New Hamburg, Ontario

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New Hamburg
Unincorporated community
Peel Street in New Hamburg
Peel Street in New Hamburg
Coordinates: 43°22′44″N 80°42′39″W / 43.37889°N 80.71083°W / 43.37889; -80.71083
Country Canada
Province Ontario
Regional municipality Waterloo
Township Wilmot
Time zone EST (UTC-5)
 • Summer (DST) EDT (UTC-4)
Forward sortation area N3A
Area code(s) 519 and 226
NTS Map 040P07
GNBC Code FEBVH

New Hamburg is a community of approximately 7,930 (2011 stats) in Wilmot Township. Founded in 1854 it is a rural township of the Regional Municipality of Waterloo, Ontario. It is bordered by Baden to the east and Perth County to the west, and close to the cities of Kitchener, Waterloo and Stratford.

The Nith River winds through town and flows through the downtown core, which is home to a 50-foot waterwheel built in 1990.[citation needed]

The weekly newspaper serving the community is the New Hamburg Independent. The downtown has been designated a Heritage Conservation District.[1]

History[edit]

Located on the Nith River just over 20 kilometers from Berlin (now Kitchener) this settlement - established in 1830 by William Scott and called New Hamburgtown - is in an area with rich soil, that was subsequently settled primarily by Germans, both Mennonites and others direct from Germany. The settlement was laid out in 1832.[2][3] A historical plaque honours Josiah Cushman, an Amish Mennonite from Germany, who built a grist mill in the village in about 1834.[4] Later, the village was called Cassel but by 1840, it had been changed to New Hamburg.[5]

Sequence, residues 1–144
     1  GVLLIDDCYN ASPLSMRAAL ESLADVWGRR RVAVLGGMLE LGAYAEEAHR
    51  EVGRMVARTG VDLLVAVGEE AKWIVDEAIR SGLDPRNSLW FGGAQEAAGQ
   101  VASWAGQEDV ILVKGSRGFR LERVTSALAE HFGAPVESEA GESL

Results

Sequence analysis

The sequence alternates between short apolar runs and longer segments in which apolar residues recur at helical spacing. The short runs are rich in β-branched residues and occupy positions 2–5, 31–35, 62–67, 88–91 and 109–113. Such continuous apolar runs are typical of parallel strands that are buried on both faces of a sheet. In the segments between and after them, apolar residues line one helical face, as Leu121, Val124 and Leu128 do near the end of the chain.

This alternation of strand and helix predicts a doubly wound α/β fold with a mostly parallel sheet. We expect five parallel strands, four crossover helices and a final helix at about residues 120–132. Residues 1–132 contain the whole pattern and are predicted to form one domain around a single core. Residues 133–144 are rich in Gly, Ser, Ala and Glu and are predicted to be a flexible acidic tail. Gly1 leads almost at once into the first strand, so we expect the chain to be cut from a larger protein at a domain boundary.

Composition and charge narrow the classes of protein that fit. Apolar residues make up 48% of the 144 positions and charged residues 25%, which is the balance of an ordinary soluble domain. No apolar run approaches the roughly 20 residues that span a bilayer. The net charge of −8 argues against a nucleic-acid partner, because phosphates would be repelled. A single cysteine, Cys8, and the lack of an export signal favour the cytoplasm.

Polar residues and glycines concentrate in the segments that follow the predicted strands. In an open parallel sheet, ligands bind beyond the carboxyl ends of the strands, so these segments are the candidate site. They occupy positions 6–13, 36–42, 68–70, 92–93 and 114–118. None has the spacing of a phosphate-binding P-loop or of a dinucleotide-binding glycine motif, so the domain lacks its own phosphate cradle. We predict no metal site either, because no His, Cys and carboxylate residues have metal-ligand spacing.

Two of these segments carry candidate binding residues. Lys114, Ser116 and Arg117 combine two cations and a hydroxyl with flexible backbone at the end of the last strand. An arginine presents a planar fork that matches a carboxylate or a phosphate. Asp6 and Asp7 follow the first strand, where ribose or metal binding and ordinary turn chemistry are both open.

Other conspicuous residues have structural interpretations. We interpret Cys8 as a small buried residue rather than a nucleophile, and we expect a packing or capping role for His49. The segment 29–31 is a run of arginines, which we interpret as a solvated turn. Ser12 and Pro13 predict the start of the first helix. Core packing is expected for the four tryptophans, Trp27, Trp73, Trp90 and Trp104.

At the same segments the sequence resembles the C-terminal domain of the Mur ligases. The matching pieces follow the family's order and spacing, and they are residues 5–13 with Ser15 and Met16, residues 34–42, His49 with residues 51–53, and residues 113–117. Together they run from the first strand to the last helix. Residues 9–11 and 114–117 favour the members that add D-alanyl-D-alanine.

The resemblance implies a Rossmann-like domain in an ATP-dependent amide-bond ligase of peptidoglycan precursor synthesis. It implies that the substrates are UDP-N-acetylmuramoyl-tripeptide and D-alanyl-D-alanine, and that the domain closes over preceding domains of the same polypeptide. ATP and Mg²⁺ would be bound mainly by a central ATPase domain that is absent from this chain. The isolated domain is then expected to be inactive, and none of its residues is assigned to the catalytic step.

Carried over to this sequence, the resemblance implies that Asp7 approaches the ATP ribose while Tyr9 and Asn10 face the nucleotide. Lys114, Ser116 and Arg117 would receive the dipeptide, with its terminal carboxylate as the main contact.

In 1851 the New Hamburg post-office was established by mill owner William Scott. The population was 500 at the time and there was a pottery, a carriage works and a foundry. The Grand Trunk Railroad reached the area in 1856 and helped the village to establish milling and farm machinery manufacturing. In 1869 the population was 1,400 and the settlement had a railway station.[6]

New Hamburg was incorporated as a Village in 1857, with a population of about 1100 and then as a Town in 1966.[7] The river was an excellent source of power for two wool factories and two flour mills in 1864. There was also a foundry that manufactured agricultural implements. Several large companies made carriages, buggies and wagons. By that time there were three churches and a school with 100 students.[8]

Neighbouring communities[edit]

Notable people[edit]

Notable Landmarks[edit]

  • New Hamburg is home to the largest working wooden waterwheel in North America.
  • New Hamburg hosts the largest Mopar Festival in Canada (in July or August).

Notable businesses[edit]

References[edit]

Coordinates: 43°22′44″N 80°42′39″W / 43.37889°N 80.71083°W / 43.37889; -80.71083